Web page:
AC Joint Dislocation

What is the AC or Acromio-Clavicular Joint?

The Acromio-Clavicular Joint is a small joint between the outer end of the clavicle and the acromial process of the scapula. Its full name is commonly abbreviated as the AC Joint. Although a small amount of movement occurs at the AC Joint it’s more important role is to help stabilise the scapula or shoulder blade on the chest wall. This in turn helps to provide a stable foundation for the entire shoulder joint.

AC Joint Dislocation

Dislocation of the AC Joint most often follows a heavy fall on to the point of the shoulder. Common injury mechanisms include a fall from a ladder or bicycle. Direct shoulder to shoulder contact in sports such as football may also dislocate the AC Joint.

Stability of the AC Joint is provided by:

  • AC Joint Capsular Ligaments
  • Coraco-Clavicular Ligaments
  • Deltoid and Trapezius muscle attachments

The extent of tearing of these stabilising structures will determine the Grade of Dislocation. The Grade of the injury will serve as a guide to selection of the best treatment option.

Type I Type I

Type II Type II

Type III Type III

Diagnosis of AC Joint Dislocation?

The injury is diagnosed by:

  • Clinical Assessment
  • X-rays

Lesser Grades of injury may have just slight swelling and local tenderness over the AC Joint. Higher grades of injury will have a more obvious clinical deformity. There will be a tender bony lump on top of the shoulder. It may look as though the outer end of the clavicle is sitting too high. But what has really happened is that the entire shoulder and arm are drooping downwards under the effect of gravity, thus leaving the clavicle behind.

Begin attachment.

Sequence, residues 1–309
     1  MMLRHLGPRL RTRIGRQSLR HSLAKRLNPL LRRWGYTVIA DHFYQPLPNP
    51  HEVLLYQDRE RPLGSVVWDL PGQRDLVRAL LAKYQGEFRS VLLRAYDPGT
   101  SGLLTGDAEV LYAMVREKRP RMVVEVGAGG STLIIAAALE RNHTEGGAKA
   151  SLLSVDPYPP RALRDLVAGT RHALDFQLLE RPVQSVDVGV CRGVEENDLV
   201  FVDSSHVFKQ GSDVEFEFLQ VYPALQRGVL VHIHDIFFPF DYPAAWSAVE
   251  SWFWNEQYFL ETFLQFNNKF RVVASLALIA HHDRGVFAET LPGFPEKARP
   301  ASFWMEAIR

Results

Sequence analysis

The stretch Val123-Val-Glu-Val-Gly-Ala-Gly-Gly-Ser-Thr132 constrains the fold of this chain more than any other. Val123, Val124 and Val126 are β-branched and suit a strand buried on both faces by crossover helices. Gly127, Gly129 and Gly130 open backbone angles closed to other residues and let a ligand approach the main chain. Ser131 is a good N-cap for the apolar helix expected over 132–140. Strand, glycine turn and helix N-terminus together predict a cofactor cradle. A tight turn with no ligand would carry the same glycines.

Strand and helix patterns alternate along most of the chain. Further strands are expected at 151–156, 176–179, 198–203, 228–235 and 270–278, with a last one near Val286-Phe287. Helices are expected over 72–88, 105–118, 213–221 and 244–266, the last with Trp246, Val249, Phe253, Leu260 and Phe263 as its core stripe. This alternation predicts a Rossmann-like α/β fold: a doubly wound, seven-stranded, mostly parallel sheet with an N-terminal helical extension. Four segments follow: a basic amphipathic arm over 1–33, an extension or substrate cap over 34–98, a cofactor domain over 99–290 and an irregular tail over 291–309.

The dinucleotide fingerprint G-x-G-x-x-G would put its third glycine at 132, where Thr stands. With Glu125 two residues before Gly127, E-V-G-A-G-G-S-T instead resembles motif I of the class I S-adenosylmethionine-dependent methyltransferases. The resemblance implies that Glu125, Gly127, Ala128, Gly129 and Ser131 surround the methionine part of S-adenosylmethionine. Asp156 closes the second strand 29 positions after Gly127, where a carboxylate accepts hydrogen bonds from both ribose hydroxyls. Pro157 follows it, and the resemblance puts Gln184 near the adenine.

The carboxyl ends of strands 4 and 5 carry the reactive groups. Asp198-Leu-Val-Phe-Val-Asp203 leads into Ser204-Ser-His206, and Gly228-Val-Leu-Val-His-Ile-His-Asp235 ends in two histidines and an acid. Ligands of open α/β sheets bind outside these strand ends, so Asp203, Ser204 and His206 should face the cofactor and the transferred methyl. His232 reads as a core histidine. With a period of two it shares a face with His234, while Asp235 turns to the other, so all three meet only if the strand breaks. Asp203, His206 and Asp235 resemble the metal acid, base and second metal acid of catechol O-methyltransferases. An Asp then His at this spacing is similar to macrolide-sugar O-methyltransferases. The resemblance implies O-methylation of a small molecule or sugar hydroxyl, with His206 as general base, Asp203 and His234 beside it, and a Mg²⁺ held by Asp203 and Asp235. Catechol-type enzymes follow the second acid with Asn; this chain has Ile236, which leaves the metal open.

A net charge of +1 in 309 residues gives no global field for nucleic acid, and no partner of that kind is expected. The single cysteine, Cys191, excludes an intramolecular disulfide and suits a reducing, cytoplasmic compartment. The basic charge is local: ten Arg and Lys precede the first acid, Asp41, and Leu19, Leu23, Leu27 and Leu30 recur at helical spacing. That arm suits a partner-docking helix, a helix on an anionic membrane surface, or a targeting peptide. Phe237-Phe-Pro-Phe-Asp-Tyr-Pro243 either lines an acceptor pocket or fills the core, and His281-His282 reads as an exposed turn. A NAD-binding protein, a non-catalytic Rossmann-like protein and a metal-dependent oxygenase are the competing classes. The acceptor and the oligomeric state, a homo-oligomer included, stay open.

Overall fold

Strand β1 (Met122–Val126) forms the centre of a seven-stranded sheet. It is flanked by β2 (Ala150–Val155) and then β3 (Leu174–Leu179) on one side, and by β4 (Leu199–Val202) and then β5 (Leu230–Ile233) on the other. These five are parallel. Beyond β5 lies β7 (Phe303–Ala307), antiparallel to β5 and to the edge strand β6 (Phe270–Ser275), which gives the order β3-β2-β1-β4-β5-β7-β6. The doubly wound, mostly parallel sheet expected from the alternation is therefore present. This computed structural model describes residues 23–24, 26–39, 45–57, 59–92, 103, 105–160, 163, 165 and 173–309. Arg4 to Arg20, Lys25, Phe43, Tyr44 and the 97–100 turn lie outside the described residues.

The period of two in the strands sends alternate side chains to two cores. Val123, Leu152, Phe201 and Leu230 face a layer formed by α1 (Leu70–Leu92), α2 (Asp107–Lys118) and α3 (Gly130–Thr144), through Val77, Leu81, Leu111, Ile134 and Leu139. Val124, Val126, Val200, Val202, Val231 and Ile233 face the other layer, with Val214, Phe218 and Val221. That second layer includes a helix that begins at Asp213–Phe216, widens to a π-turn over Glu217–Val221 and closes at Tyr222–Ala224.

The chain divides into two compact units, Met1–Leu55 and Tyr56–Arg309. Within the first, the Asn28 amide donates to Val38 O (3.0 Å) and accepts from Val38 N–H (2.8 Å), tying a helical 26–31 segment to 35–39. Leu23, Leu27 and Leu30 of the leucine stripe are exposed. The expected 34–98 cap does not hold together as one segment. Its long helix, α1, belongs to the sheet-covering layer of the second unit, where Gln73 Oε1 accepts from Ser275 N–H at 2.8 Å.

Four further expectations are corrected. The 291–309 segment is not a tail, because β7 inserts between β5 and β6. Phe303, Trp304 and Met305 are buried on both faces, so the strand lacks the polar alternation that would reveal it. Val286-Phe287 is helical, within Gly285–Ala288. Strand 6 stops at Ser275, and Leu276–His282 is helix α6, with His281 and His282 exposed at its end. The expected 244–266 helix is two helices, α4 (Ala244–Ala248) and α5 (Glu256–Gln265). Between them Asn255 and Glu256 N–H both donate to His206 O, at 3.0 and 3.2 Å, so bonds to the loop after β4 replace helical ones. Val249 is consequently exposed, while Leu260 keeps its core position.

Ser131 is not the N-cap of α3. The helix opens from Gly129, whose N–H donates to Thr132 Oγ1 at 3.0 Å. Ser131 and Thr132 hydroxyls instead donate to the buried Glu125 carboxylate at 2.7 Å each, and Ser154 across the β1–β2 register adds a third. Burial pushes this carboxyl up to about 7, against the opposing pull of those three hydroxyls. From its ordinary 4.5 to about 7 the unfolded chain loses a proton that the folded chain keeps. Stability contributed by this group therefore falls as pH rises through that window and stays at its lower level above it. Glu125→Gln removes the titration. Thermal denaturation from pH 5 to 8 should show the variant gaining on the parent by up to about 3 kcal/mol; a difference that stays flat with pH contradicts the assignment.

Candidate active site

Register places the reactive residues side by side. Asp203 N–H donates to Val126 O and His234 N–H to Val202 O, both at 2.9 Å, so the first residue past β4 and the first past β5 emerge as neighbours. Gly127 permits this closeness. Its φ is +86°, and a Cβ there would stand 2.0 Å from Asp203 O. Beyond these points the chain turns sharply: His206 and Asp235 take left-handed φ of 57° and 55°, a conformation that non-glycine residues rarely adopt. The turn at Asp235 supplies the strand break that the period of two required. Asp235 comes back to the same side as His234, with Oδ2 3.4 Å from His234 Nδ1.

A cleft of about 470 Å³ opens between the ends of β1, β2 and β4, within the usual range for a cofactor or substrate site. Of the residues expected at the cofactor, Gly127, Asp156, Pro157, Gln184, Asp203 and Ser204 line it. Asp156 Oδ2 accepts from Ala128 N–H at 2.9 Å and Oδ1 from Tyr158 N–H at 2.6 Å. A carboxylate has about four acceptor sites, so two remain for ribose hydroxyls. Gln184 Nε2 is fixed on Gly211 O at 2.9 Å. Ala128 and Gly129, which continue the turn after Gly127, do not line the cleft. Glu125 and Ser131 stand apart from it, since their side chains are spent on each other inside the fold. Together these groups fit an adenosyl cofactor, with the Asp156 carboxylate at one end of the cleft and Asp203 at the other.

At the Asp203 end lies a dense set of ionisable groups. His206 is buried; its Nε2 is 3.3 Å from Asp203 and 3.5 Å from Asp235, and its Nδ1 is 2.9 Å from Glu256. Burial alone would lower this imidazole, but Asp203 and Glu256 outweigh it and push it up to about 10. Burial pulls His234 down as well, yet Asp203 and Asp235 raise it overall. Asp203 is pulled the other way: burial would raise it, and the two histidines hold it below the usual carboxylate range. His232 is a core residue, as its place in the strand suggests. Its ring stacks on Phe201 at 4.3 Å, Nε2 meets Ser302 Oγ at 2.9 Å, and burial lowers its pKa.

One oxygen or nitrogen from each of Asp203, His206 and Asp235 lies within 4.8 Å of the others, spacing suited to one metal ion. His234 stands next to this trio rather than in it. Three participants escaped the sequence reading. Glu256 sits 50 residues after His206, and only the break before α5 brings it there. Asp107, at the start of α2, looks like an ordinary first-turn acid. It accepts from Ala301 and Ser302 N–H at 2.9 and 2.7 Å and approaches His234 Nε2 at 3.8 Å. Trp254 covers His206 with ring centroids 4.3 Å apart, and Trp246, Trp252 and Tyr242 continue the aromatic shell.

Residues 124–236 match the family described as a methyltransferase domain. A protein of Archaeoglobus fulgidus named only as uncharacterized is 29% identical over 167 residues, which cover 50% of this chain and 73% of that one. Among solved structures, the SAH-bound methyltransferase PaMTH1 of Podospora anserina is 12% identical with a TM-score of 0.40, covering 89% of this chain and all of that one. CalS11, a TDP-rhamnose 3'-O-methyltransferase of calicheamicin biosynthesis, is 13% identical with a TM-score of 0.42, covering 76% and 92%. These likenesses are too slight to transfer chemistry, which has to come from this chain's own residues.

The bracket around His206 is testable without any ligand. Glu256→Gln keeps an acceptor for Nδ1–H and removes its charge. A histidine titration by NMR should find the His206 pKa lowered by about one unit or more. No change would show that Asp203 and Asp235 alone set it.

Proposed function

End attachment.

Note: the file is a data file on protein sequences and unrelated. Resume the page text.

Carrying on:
X-rays will show that the outer clavicle is not aligned with the acromion. Comparison with an X-ray of the non-injured shoulder may help. Simultaneous X-rays of both shoulder in a standing position while hold a weight in each hand will make the separation more obvious. (Weight Bearing X-rays)The amount of shift will help to understand the degree of ligament injury.

 Weight Bearing X-rays of AC Joints Weight Bearing X-rays of AC Joints

Treatment of AC Joint Dislocation

Low grade injuries such as Grade I and Grade II may recover well with rest, analgesics and anti-inflammatory medication. The soreness tends to resolve slowly over approximately 6 to 8 weeks.

Physiotherapy may be required later in the recovery process to address any shoulder stiffness or muscle weakness. There may be a slight residual prominence of the AC joint but rarely any ongoing pain or shoulder dysfunction. Lesser grade injuries may predispose to AC Joint Arthritis in later life.

Higher grade AC Joint Dislocations may result in ongoing shoulder symptoms. As such a Surgical Treatment may be indicated for high grade injuries. Ongoing symptoms are likely to be of more significance in younger patients with an active physical lifestyle. Factors such as overhead sporting pursuits, occupation and involvement of the dominant shoulder may also be considerations. Possible ongoing symptoms may include:

  • AC Joint pain
  • AC Joint Clicking
  • Inability to lie on the shoulder
  • Aching due to loss of shoulder suspension
  • Significant Cosmetic Deformity

AC Joint Reconstruction

The strategy of AC Joint Reconstruction is the hold the Acromion and Clavicle in their correct anatomical alignment while the ligaments and other soft tissues that maintain stability of the joint heal. Many techniques have been described for achieving AC Joint stability. Mr Lyons will discuss in detail the relative merits of different techniques and the rehabilitation process after surgery.